The Sisters told me that it was wonderful to feel a call to a Holy life, but that as a woman, my role was one of submission to the Holy Church, and that since Christ was a man, only men could wear the cassock, and offer the sacrifice.

They encouraged me instead to think about donning the veil of Christ and becoming His bride, committing myself to life as a Nun in the service of God and His Church. I did not want a veil, I wanted a cassock. But none fit.

After college, and working in the world, I still wanted the cassock. My priest said no and demanded I stop pursuing this nonsense and line of questioning. I still questioned and asked why was it a boys only club.

I left the Church of my youth and started attending another Church, a holiness Protestant Church. The minster recognized what he said was a call of God to proclaim the Gospel.

I began to study and learn. I went to Seminary, and I pastored a small congregation for a year. There I wore the cassock, but it still did not seem to fit. Then I was told that we didn’t wear cassocks in this Church and I would have to go. I was still too Catholic to serve with them, they said, as they bowed and shook their heads in tragic condemnation.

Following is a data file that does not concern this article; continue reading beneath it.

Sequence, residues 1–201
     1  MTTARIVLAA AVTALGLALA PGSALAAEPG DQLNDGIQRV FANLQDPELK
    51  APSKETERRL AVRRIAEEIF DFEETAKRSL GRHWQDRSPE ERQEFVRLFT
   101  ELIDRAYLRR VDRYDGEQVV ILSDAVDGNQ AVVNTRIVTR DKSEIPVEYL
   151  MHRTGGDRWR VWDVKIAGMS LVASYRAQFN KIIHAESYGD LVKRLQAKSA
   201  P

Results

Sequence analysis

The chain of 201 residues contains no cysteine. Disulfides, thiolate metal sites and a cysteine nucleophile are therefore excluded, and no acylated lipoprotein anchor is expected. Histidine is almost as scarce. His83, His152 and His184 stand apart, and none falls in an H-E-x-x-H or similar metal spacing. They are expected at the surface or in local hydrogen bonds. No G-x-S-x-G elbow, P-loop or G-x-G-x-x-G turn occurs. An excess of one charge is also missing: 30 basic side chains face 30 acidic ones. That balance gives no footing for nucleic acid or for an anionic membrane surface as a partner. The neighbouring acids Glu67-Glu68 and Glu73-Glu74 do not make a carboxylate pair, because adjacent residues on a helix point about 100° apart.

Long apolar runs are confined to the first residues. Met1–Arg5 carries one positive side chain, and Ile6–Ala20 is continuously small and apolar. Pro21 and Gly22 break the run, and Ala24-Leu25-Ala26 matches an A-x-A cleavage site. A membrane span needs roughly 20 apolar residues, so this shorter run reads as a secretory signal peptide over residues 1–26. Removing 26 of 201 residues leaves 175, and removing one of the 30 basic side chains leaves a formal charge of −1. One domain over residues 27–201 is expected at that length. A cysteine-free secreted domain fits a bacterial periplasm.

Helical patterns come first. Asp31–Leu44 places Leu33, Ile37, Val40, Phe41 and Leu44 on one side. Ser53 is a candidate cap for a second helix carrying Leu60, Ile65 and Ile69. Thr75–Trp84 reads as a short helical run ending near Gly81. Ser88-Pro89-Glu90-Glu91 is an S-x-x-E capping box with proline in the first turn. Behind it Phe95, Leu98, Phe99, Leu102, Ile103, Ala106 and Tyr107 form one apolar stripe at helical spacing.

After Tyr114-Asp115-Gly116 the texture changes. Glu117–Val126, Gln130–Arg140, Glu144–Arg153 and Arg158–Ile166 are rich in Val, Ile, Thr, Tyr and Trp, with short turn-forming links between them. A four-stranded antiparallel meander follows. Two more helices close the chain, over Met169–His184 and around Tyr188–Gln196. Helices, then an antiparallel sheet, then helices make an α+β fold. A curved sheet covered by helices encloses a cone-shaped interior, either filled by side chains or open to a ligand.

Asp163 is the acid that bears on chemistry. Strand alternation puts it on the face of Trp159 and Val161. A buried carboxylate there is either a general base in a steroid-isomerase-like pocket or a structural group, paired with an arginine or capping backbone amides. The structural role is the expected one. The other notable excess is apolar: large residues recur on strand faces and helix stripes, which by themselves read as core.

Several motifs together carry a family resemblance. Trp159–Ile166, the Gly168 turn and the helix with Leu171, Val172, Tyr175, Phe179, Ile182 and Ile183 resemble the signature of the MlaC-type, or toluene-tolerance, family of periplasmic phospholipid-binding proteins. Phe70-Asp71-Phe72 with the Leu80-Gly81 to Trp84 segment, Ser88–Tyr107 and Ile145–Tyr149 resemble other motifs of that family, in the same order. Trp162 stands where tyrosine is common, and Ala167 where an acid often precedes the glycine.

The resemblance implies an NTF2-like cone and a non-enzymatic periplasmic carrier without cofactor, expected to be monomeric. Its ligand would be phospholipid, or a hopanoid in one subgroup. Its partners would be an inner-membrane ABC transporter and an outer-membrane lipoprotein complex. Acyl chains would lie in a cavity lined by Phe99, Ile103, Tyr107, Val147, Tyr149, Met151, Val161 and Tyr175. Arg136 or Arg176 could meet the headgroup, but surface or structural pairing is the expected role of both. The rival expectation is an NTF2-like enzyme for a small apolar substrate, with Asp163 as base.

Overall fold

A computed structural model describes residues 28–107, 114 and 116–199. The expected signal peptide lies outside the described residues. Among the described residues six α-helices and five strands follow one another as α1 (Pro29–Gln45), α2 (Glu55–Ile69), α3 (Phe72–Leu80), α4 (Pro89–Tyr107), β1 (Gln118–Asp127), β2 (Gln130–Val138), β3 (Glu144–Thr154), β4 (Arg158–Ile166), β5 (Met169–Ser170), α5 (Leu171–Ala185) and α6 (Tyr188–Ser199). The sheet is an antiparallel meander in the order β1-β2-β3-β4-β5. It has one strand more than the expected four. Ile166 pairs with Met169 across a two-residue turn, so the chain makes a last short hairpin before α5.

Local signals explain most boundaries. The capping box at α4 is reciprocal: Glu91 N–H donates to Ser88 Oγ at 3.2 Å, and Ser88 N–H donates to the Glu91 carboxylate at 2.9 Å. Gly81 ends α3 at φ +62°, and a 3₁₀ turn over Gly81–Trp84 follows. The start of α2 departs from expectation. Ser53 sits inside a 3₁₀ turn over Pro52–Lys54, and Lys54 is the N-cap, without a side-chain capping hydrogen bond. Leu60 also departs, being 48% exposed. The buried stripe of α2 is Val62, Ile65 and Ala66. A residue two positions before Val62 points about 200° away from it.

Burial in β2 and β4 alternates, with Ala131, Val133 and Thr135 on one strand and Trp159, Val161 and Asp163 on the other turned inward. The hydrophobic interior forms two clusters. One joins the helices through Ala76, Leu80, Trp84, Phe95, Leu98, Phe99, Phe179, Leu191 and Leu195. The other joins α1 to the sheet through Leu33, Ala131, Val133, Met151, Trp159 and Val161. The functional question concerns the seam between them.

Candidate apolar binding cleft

But that was all right. I knew I would find a place where the cassock would be a good fit for service to God and His Church.

I was invited to become a part of another Protestant Church. This was a Wesleyan denomination with a large world wide community. There was room here for cassock wearing by a woman, so I was told.

After nearly ten years of service, I was again called in by the leadership of the Church. I was told I was still too Catholic, and too ecumenical, to continue in service with this community. I was told that the cassock never really seemed to fit, and I would have to take it off and leave it at the door.